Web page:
|I understand your frustration with your latest project. Your users sound like they don't know what they want, changing their needs weekly if not more. It's as if the project scope is elastic, stretching in every direction. But I'm concerned about your demand that they sign-off on the spec's before you begin another project.
Most engineers believe that if they just had better spec's from the users. most project problems could be avoided. The question to ask is "can business users ever write good spec's?" I believe the answer is "no." Defining what a system should do, what features it should have is an act of discovery. Remember an earlier letter about the humility project managers need to have? Fifty percent of what you need to know is discovered in the doing of the project. Why is that?
Have you heard the story about tying shoes? I was at a seminar where the assignment was writing a specification for tying shoes. We had to write it down without any diagrams, just the words. "You form a loop with the left lace. (What's a loop?) Then you make another loop, cross them over, twirl them around, make a knot (what's a knot?), etc., etc." You get the picture. It was near impossible to write it in a way that both an inexperienced novice and a pro could both read it and say, "ah yes, it's so clear!"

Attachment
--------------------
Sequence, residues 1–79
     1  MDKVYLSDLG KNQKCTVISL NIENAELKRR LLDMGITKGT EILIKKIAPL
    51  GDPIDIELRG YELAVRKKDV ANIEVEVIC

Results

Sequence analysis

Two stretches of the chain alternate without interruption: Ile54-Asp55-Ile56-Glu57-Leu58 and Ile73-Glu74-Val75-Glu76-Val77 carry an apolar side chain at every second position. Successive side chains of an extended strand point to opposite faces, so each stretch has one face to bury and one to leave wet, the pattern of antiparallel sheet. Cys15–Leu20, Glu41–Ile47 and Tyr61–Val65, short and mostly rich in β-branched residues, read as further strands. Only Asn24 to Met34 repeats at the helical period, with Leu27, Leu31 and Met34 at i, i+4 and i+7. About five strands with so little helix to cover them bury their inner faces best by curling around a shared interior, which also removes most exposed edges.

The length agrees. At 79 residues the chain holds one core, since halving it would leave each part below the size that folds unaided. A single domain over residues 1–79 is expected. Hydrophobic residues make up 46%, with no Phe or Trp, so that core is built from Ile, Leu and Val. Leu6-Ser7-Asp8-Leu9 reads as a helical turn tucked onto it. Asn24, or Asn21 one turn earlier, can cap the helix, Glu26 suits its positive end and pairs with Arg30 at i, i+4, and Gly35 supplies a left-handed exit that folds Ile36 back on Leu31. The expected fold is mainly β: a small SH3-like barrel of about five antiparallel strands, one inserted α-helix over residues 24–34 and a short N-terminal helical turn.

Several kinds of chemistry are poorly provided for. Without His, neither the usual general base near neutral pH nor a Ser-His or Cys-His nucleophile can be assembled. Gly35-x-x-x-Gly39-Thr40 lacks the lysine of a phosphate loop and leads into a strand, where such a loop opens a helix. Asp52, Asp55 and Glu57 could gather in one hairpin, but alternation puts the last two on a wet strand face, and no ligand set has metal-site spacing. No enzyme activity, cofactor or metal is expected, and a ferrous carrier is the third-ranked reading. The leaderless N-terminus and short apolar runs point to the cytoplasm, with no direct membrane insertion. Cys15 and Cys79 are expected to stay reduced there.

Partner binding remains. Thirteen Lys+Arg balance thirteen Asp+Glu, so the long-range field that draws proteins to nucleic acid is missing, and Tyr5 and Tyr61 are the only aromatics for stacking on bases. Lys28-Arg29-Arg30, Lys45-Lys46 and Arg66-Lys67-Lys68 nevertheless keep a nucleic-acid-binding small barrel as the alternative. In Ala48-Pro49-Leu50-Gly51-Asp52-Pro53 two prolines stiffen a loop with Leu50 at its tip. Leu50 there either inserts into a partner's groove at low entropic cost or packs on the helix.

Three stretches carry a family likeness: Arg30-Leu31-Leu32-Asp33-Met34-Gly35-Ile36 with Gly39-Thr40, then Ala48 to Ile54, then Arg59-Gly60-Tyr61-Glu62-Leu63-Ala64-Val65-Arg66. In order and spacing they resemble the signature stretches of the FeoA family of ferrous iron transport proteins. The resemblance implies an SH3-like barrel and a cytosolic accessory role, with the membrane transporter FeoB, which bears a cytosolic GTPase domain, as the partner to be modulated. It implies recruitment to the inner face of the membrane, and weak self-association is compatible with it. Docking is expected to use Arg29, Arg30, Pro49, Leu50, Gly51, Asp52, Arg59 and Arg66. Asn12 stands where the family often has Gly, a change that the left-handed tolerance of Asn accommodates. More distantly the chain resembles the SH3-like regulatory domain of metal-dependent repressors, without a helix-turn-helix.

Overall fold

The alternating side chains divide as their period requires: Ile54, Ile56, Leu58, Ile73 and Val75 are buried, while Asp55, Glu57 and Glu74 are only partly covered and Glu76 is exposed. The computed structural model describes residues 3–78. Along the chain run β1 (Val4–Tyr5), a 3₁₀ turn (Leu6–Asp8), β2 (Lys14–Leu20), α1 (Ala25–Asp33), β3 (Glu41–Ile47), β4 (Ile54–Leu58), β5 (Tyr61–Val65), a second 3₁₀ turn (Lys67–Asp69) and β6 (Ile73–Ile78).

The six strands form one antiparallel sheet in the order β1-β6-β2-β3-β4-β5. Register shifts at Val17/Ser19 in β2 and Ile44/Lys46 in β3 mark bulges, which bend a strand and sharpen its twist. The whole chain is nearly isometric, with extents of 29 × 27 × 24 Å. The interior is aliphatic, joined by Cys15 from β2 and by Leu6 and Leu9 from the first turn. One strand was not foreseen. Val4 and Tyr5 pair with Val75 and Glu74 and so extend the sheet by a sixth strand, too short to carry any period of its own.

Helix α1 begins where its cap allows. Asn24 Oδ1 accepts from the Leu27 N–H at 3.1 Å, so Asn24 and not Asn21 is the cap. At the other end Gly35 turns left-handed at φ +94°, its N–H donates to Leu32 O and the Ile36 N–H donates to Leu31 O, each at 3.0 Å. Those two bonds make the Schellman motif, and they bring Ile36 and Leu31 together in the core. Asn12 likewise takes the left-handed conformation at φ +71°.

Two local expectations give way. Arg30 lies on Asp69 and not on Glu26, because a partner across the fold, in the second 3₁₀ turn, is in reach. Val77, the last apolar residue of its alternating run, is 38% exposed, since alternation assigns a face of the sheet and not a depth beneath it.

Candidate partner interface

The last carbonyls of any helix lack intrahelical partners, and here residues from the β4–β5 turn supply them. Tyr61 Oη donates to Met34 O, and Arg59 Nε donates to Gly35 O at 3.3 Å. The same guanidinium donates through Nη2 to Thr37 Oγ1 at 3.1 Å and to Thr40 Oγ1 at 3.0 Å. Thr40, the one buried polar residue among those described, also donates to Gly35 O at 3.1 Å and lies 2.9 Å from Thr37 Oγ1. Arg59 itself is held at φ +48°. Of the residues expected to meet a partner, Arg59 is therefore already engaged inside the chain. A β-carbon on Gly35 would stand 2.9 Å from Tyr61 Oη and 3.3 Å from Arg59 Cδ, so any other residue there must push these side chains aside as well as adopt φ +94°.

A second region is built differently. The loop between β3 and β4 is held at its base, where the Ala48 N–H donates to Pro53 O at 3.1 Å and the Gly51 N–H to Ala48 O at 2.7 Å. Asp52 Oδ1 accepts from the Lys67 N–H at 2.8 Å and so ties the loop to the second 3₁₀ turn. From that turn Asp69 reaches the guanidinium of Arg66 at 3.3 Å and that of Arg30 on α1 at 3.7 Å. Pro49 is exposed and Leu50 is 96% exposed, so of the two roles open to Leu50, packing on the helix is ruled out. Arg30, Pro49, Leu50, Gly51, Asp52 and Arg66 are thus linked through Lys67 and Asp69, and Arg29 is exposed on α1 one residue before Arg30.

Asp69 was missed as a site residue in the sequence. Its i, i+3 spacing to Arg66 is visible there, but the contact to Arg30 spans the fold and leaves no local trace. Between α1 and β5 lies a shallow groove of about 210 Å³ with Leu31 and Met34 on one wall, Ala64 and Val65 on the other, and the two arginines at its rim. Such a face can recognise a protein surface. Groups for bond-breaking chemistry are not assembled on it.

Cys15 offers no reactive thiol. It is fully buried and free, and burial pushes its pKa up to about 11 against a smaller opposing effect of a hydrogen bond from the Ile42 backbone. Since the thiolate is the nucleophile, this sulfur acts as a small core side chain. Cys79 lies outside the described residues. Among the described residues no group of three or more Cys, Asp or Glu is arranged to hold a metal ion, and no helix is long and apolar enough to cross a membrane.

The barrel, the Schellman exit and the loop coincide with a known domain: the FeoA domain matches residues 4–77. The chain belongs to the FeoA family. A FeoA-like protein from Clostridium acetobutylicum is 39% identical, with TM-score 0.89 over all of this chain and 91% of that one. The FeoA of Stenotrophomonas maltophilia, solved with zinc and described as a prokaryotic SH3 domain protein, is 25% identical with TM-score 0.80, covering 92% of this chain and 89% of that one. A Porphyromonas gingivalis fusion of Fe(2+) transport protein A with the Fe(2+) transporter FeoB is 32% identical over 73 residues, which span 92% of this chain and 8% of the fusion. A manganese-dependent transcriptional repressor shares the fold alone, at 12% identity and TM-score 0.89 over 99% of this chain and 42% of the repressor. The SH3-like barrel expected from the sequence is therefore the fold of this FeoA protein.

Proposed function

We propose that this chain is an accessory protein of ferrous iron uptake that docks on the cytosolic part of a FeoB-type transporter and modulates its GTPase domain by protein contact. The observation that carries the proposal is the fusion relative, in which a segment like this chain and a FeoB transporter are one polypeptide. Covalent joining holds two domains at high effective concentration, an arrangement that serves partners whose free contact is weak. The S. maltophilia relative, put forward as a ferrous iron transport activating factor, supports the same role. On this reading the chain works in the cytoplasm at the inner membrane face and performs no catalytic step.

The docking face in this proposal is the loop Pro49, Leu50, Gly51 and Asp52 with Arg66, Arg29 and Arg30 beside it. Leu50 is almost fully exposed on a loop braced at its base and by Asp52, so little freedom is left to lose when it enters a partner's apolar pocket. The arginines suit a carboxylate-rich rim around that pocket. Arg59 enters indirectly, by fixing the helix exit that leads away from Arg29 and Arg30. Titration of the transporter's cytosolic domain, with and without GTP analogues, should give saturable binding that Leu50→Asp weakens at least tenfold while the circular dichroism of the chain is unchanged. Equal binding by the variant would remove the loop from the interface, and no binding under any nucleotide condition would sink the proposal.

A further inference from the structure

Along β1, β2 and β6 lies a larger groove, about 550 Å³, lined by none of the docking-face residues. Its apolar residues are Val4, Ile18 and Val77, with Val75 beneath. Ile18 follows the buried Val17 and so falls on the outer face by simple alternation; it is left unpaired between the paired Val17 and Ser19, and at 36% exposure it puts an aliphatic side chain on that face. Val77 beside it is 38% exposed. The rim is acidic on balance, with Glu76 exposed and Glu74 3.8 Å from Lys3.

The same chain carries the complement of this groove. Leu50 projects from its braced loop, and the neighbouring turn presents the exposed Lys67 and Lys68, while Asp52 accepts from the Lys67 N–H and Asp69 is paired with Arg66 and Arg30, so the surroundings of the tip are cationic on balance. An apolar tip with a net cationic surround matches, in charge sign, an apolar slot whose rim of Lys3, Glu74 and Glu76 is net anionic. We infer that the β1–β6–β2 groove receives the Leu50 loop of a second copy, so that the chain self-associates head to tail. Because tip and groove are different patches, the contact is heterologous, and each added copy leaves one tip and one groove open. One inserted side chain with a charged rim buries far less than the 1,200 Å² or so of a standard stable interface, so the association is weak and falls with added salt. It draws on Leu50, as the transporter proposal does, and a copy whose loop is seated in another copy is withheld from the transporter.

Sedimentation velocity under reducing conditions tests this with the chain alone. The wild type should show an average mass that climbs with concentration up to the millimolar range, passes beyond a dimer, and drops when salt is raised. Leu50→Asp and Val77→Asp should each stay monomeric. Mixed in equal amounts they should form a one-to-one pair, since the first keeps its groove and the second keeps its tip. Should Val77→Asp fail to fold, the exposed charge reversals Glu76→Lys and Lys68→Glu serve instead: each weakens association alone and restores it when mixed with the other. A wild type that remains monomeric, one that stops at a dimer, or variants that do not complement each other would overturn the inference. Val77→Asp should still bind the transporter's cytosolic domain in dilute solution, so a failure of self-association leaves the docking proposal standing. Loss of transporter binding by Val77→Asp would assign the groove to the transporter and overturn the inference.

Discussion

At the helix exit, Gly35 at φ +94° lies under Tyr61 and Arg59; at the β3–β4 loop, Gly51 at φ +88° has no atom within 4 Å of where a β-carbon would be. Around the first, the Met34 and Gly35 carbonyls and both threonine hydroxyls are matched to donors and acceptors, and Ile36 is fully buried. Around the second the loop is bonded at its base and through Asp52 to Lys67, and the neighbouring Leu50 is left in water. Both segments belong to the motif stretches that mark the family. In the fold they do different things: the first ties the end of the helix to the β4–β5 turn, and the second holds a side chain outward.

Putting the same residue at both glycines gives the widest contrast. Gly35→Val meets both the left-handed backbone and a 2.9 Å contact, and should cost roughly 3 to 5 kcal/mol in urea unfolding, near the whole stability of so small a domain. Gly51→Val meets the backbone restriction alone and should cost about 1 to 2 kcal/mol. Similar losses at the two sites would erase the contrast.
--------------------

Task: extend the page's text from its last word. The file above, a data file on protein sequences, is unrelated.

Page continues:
Is this how a three year-old learns to do it? No. You show them, they watch, they try it, you encourage them, correct them, and they try it again. After a number of tries, voila! The shoe is tied.
The point is that sometimes you need to see it done, to try it a few times, before it makes sense. It a process of discovery. It may also be about how people learn. Sometimes it's by seeing, sometimes by hearing, and sometimes by putting you hands on it and giving it a try. If you are going for the "yes, that's what I want!" you may need to create a situation where people can see, hear and touch the system early. I leave that for another letter.